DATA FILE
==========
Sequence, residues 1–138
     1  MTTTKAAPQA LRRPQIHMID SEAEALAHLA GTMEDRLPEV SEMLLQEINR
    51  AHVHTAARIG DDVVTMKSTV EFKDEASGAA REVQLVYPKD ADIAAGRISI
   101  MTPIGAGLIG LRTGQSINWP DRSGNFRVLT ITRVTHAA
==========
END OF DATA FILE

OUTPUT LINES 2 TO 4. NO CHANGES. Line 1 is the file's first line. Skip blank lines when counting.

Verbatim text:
     1  MTTTKAAPQA LRRPQIHMID SEAEALAHLA GTMEDRLPEV SEMLLQEINR
    51  AHVHTAARIG DDVVTMKSTV EFKDEASGAA REVQLVYPKD ADIAAGRISI
   101  MTPIGAGLIG LRTGQSINWP DRSGNFRVLT ITRVTHAA